‘Saw your advertisement, you know,’ he jerked. ‘Thought I might as well come along. Rum sort of show, but you never know, what?’

Mr Parker Pyne interpreted these cryptic remarks correctly. ‘When things go badly, one is willing to take a chance,’ he suggested.

‘That’s it. That’s it, exactly. I’m willing to take a chance – any chance. Things are in a bad way with me, Mr Pyne. I don’t know what to do about it. Difficult, you know; damned difficult.’

‘That,’ said Mr Pyne, ‘is where I come in. I do know what to do! I am a specialist in every kind of human trouble.’

‘Oh, I say – bit of a tall order, that!’

‘Not really. Human troubles are easily classified into a few main heads. There is ill health. There is boredom. There are wives who are in trouble over their husbands. There are husbands’ – he paused – ‘who are in trouble over their wives.’

‘Matter of fact, you’ve hit it. You’ve hit it absolutely.’

‘Tell me about it,’ said Mr Pyne.

‘There’s nothing much to tell. My wife wants me to give her a divorce so that she can marry another chap.’

‘Very common indeed in these days. Now you, I gather, don’t see eye to eye with her in this business?’

‘I’m fond of her,’ said Mr Wade simply. ‘You see – well, I’m fond of her.’

A simple and somewhat tame statement, but if Mr Wade had said, ‘I adore her. I worship the ground she walks on. I would cut myself into little pieces for her,’ he could not have been more explicit to Mr Parker Pyne.

‘All the same, you know,’ went on Mr Wade, ‘what can I do? I mean, a fellow’s so helpless. If she prefers this other fellow – well, one’s got to play the game; stand aside and all that.’

‘The proposal is that she should divorce you?’

‘Of course. I couldn’t let her be dragged through the divorce court.’

Mr Pyne looked at him thoughtfully. ‘But you come to me? Why?’

The other laughed in a shamefaced manner. ‘I don’t know. You see, I’m not a clever chap. I can’t think of things. I thought you might – well, suggest something. I’ve got six months, you see. She agreed to that. If at the end of six months she is still of the same mind – well, then, I get out. I thought you might give me a hint or two. At present everything I do annoys her.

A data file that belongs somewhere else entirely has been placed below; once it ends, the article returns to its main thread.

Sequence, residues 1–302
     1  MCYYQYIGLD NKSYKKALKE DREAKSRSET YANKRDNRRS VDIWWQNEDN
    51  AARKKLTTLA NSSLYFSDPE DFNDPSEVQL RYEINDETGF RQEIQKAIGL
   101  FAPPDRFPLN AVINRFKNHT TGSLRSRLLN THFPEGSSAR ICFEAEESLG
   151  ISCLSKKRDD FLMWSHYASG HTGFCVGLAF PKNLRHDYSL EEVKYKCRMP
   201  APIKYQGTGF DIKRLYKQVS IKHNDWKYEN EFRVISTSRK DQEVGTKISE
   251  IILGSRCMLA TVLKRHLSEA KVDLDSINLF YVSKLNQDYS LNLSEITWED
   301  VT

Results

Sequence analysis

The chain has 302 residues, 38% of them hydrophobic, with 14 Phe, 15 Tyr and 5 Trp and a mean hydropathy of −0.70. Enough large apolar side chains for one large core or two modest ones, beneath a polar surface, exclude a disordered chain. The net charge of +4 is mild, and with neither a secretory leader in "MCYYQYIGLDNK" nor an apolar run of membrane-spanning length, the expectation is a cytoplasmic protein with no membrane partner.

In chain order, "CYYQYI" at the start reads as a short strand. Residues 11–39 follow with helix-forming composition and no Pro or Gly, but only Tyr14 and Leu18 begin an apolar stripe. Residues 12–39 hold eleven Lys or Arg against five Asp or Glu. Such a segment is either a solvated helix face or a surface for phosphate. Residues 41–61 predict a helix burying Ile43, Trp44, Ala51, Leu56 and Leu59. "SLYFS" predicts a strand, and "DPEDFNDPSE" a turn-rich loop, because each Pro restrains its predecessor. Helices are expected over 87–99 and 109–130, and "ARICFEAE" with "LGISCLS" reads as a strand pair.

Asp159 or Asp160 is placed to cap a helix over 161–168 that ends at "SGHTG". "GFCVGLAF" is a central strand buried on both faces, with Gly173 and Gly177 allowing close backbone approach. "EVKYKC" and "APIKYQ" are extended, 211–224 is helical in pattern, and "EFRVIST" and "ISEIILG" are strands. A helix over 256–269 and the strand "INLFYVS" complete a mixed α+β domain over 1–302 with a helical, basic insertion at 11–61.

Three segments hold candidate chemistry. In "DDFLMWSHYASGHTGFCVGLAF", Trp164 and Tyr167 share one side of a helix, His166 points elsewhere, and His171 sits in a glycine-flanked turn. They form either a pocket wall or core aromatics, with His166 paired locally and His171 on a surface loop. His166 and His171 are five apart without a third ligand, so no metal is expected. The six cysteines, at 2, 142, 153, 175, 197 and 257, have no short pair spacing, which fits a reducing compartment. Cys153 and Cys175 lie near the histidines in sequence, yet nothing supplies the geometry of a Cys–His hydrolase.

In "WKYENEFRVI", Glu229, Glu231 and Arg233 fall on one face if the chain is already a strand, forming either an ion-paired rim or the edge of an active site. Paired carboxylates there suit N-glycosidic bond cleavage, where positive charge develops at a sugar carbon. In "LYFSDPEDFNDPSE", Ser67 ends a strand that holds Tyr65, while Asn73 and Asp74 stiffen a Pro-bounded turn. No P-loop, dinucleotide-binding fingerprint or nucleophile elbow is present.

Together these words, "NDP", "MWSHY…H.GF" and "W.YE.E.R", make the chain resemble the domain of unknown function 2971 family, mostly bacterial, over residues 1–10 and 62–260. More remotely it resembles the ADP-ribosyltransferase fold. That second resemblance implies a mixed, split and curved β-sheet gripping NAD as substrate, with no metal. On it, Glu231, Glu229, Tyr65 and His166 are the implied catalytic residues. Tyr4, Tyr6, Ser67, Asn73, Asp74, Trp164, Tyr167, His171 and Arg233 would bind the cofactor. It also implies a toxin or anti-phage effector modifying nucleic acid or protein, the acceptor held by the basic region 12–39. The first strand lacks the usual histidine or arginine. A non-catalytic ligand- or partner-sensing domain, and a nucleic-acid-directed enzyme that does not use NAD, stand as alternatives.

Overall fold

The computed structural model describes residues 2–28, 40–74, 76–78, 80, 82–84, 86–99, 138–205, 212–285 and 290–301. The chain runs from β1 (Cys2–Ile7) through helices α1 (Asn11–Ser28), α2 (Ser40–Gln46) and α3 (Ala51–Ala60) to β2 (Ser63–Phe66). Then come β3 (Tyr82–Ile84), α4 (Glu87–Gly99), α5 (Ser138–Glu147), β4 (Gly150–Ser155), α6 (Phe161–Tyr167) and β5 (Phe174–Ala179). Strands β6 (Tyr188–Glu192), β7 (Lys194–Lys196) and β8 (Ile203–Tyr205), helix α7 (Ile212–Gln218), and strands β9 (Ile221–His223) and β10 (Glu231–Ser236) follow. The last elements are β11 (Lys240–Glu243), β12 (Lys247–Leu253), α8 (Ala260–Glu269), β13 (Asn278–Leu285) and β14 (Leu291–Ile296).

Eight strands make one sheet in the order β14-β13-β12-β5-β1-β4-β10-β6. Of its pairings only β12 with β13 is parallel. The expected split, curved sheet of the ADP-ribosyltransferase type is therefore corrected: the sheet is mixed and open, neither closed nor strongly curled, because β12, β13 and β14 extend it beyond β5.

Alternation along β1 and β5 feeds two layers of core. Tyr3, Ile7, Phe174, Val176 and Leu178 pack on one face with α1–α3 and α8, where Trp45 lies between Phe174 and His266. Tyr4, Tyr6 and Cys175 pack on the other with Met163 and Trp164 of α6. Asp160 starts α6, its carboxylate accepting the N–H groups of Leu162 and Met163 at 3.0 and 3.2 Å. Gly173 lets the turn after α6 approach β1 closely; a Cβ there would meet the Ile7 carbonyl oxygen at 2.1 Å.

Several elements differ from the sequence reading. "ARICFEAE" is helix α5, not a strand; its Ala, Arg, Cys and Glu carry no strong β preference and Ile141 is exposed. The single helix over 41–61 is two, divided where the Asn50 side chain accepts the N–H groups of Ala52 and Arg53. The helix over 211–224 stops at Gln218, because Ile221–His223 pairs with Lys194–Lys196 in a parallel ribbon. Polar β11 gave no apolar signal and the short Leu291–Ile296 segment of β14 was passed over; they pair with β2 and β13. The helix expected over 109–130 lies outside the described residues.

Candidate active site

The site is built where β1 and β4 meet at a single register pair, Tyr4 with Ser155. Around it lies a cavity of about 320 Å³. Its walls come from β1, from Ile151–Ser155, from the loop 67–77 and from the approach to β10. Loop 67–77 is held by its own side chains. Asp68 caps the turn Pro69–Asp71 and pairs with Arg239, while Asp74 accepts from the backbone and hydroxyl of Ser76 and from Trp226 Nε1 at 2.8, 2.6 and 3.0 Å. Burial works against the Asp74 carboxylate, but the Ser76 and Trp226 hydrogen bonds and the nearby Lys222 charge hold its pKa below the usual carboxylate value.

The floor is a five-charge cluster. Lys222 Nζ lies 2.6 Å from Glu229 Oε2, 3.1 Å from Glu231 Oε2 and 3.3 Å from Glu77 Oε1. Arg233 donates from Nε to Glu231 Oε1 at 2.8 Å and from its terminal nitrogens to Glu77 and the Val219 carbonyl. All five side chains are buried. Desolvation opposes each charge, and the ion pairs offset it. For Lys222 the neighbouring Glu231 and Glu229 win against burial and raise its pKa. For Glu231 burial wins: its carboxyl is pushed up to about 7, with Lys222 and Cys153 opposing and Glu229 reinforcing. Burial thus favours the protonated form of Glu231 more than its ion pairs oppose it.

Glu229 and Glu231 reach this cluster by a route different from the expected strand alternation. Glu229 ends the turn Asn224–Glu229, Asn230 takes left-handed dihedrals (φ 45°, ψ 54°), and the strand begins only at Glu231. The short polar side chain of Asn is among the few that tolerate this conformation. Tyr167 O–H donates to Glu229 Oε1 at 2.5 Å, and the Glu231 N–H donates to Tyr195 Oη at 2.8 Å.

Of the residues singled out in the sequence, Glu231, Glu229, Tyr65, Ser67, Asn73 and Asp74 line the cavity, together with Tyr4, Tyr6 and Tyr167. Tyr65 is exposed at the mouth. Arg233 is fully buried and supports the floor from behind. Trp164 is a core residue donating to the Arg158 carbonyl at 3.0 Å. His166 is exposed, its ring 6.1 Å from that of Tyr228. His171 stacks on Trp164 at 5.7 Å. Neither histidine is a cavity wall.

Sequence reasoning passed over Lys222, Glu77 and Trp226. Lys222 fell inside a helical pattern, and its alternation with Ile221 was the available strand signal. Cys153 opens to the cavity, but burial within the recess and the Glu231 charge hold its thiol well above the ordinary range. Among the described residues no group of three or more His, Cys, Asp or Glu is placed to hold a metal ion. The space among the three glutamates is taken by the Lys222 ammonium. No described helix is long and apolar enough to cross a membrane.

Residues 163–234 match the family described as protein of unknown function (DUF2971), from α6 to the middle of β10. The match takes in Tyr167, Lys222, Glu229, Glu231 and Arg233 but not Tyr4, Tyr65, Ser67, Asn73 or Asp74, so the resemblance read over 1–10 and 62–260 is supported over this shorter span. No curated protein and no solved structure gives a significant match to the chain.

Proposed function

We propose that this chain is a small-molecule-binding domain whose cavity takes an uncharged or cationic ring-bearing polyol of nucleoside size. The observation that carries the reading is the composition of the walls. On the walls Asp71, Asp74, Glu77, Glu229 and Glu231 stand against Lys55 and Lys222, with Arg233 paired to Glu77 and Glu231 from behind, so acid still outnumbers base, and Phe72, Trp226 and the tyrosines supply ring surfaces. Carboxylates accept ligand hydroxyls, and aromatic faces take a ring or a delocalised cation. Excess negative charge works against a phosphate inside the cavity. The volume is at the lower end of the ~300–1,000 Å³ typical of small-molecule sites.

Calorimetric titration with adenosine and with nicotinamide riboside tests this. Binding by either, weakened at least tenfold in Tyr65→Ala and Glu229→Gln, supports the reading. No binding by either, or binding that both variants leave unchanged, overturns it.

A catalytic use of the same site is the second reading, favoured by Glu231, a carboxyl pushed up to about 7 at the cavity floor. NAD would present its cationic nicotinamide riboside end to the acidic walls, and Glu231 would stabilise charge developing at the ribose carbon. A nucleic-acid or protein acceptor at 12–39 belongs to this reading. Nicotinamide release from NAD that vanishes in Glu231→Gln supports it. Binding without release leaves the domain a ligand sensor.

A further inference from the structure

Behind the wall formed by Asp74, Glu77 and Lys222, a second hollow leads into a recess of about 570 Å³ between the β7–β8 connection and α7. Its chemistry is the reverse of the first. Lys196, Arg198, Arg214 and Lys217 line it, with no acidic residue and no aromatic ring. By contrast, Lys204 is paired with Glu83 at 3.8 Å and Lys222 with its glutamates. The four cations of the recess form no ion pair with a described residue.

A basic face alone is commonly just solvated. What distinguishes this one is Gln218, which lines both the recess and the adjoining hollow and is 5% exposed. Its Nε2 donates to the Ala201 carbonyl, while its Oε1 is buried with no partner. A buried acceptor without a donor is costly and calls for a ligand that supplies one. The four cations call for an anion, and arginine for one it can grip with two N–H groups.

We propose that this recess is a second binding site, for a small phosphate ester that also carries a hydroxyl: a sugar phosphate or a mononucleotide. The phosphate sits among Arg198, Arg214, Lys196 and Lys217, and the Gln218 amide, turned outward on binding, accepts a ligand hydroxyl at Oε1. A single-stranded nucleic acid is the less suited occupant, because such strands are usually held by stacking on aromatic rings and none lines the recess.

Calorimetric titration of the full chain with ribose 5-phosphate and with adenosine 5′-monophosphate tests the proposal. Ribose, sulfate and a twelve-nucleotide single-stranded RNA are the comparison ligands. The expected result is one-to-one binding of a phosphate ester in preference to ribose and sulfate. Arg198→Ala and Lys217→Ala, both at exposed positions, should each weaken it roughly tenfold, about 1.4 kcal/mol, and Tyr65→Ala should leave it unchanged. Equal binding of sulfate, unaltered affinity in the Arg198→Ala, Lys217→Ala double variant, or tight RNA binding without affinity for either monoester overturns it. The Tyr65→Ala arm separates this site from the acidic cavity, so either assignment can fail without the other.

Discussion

‘You see, Mr Pyne, what it comes to is this: I’m not a clever chap! I like knocking balls about. I like a round of golf and a good set of tennis. I’m no good at music and art and such things. My wife’s clever. She likes pictures and the opera and concerts, and naturally she gets bored with me. This other fellow – nasty, long-haired chap – he knows all about these things. He can talk about them. I can’t. In a way, I can understand a clever, beautiful woman getting fed up with an ass like me.’

Mr Parker Pyne groaned. ‘You have been married – how long? … Nine years? And I suppose you have adopted that attitude from the start. Wrong, my dear sir; disastrously wrong! Never adopt an apologetic attitude with a woman. She will take you at your own valuation – and you deserve it. You should have gloried in your athletic prowess. You should have spoken of art and music as “all that nonsense my wife likes”. You should have condoled with her on not being able to play games better. The humble spirit, my dear sir, is a wash-out in matrimony! No woman can be expected to stand up against it. No wonder your wife has been unable to last the course.’

Вы ознакомились с фрагментом книги.
Приобретайте полный текст книги у нашего партнера:
Полная версия книги
4435 форматов
На страницу:
1 из 1